China’s Taboos

While there are many taboos here, the most prevalent or contemporary one would certainly be homosexuality.

Firstly, here there is no such thing as gaydar, or for those less in touch with the jargon of the young, gay radar. This is because of the tendency of friends of the same gender to be affectionate with each other. For instance, it is not uncommon to see young men with their arms around each other, or I have even experienced my male students draping an arm on another male students’ leg. This is completely platonic. Girls often walk hand in hand or with their arms linked. This behavior exhibited by women is not entirely foreign to us foreigners (haha no pun intended!), but certainly most American men are too homophobic or afraid of being labeled as such a person, that males with their arms around each other, in extremely close proximity would be strange behavior.

This close physical contact makes it nearly impossible to decipher who is heterosexual. Being gay in China may be more widely expected by the younger generation, and more prevalent due to the fact that most language universities aide in this behavior, whether for its trendiness or because individuals truly have this orientation, due to the fact that the vast majority of language universities have predominantly female populations. And in similar fashion to Goucher, a vast majority of the minority male population have homosexual tendencies. of course, I have no problems with this, I am just merely stating a reality.

At XISU, it is common knowledge amongst foreign teachers and our students that there are large numbers of gay students. The students state this in very indirect ways, as is common in Chinese culture (speaking indirectly allows you to spare other’s feelings).
“Oh, XISU has no acceptable boys…they are too girly. Because the boys of XISU are always around girls, they become girls. They do not make good boyfriends.”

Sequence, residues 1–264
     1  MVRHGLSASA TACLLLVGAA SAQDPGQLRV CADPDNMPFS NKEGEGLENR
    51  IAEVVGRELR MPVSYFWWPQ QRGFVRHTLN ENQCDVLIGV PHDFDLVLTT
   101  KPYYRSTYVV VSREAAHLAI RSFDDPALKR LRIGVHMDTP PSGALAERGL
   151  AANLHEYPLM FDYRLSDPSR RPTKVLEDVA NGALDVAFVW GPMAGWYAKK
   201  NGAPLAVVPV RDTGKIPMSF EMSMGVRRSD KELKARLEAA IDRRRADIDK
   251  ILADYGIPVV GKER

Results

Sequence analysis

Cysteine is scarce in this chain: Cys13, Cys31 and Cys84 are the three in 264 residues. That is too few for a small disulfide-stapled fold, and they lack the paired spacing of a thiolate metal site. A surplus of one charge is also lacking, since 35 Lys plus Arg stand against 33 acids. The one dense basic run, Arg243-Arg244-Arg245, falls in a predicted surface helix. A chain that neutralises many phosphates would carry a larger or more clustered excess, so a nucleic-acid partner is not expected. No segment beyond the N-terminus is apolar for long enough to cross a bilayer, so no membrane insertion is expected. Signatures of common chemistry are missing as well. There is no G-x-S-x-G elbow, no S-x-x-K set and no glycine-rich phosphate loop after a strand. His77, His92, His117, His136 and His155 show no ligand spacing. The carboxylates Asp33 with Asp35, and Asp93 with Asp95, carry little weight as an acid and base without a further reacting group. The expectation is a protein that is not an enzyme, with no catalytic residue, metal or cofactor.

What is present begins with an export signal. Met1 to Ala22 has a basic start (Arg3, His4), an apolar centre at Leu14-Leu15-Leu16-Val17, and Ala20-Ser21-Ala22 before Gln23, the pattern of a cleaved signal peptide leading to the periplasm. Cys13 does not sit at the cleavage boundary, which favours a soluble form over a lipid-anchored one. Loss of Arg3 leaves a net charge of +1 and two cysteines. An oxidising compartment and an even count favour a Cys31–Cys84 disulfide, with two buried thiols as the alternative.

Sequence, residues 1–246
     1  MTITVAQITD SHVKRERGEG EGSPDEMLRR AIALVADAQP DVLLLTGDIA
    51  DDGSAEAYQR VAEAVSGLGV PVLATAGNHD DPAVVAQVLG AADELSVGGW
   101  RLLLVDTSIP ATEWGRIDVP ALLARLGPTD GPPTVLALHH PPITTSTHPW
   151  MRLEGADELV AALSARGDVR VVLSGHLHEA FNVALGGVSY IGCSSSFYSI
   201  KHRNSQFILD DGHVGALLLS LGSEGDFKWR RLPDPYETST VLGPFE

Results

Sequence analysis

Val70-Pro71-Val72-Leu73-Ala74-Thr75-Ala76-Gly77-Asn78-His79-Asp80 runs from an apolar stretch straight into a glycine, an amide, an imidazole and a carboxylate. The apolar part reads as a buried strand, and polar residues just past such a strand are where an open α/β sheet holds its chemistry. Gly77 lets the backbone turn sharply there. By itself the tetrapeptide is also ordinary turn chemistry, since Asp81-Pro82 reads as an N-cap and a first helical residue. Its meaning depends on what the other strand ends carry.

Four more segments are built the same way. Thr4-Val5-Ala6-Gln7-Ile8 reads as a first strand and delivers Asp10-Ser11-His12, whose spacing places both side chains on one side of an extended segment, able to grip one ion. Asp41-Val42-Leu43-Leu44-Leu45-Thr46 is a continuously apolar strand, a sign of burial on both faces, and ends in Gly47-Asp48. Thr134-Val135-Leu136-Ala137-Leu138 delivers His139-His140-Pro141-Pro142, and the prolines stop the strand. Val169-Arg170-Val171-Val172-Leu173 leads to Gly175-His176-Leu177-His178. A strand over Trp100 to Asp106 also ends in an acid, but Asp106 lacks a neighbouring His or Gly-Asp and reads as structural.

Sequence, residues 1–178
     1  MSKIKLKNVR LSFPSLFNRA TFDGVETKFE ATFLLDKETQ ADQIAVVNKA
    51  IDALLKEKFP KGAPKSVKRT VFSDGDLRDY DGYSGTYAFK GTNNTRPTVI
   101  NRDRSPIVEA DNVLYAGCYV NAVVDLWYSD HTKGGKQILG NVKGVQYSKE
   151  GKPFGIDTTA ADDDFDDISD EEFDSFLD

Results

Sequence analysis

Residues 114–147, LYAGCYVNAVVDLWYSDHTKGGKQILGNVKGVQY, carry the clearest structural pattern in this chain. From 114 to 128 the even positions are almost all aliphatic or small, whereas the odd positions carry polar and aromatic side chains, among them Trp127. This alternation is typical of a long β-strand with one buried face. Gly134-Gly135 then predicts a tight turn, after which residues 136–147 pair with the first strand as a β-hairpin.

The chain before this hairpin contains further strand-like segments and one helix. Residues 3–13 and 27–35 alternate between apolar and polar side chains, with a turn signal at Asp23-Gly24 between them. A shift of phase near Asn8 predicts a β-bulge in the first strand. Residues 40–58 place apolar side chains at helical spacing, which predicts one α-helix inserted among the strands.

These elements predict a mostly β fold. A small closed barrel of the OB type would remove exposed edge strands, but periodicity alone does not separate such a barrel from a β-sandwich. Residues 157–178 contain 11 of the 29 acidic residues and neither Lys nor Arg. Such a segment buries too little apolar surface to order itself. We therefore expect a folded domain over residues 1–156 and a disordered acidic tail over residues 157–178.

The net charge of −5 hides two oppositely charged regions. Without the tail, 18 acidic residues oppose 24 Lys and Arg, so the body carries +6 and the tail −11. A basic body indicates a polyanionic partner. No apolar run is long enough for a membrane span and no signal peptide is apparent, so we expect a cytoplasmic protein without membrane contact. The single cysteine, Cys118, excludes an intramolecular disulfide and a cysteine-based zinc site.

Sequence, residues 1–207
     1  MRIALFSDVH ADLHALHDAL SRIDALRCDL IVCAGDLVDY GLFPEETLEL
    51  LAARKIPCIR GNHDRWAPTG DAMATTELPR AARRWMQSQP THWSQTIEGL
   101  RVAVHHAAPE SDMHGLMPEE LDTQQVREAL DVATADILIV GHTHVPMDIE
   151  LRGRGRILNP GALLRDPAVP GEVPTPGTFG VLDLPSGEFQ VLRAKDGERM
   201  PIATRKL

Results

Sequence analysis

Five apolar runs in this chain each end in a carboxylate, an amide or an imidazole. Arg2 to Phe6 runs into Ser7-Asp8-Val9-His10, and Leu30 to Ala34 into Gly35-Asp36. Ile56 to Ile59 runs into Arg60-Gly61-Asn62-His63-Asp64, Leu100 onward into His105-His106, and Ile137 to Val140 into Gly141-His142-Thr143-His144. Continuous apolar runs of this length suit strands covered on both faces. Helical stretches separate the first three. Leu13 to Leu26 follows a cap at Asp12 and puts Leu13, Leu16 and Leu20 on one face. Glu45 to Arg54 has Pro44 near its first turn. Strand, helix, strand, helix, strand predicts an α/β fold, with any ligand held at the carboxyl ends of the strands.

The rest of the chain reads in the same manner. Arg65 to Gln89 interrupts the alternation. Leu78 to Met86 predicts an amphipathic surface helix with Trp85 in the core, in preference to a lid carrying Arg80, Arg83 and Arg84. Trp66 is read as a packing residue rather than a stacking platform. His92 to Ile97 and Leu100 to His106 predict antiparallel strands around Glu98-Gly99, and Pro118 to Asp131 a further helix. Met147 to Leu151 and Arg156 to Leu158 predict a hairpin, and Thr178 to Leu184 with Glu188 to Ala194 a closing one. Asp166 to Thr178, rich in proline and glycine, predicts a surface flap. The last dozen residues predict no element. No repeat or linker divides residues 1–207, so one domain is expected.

I have heard those phrases uttered, perhaps not verbatim, by many of my female students. Some have even directly told me they know which boys or girls are gay. Others have told me they themselves are gay. This has occurred on two occasions. One of my boys, last term, spoke about “feelings” he was having towards men. He thought he might be bi or bi-curious. Firstly, I was surprised he was even aware of such terms. Second, I was not at all surprised that he confided in me, because there is an unspoken awareness amongst Chinese that it is both easy and acceptable to confide in foreigners for two very specific reasons: we are very open about homosexuality in addition to not sharing such secrets with others (we may share with those whom do not know the person, but Chinese will gossip and communities here are more close-knit). In Chinese culture, personal concerns are to be kept quiet. They are to be dealt with internally and not voiced to friends or even family.

The second occasion is some of my girls voicing their feelings about how eager they are to become boys. At first, I attributed this to the fact that there is a deep-seated sentiment in Chinese culture where most parents strongly prefer to give birth to a boy. But, upon further examination, it is in fact that their sexual preference is girls. It’s the same feeling some gays or lesbians in the States attribute to their tendencies; feeling as though they were born in the wrong body. This is what the few female students mean: they don’t feel like themselves in the body they were born into. They just can’t fully express that in English or Chinese, because to admit that would possibly shame them or their family and friends.

Finally, the most outlandish example of the homophobia that exists here is directly attributed to a tragic event that occurred in the final week of May. During my Wednesday class, one of my students didn’t come to class. I didn’t think too much of it as he was often absent. Then, a student exclaimed there was an emergency, quickly jumping out of his seat, Apparently, the absent boy was in the dormitory, hanging from a plumbing pipe. He had committed suicide. Unfortunately, the other boys in his dormitory found him too late (all of the male students in my class had asked my permission to leave). It is still unclear as to whether or not the students found him. Some of the rumors as to why he did such a tragic thing was because his boyfriend was leaving him for a girl. This was one of the many absurd comments made about the tragedy.

Overall, taboos in China will stay taboos unless Chinese society decides to open up. Just because China has opened up economically, culturally it is still far from a complete role reversal.

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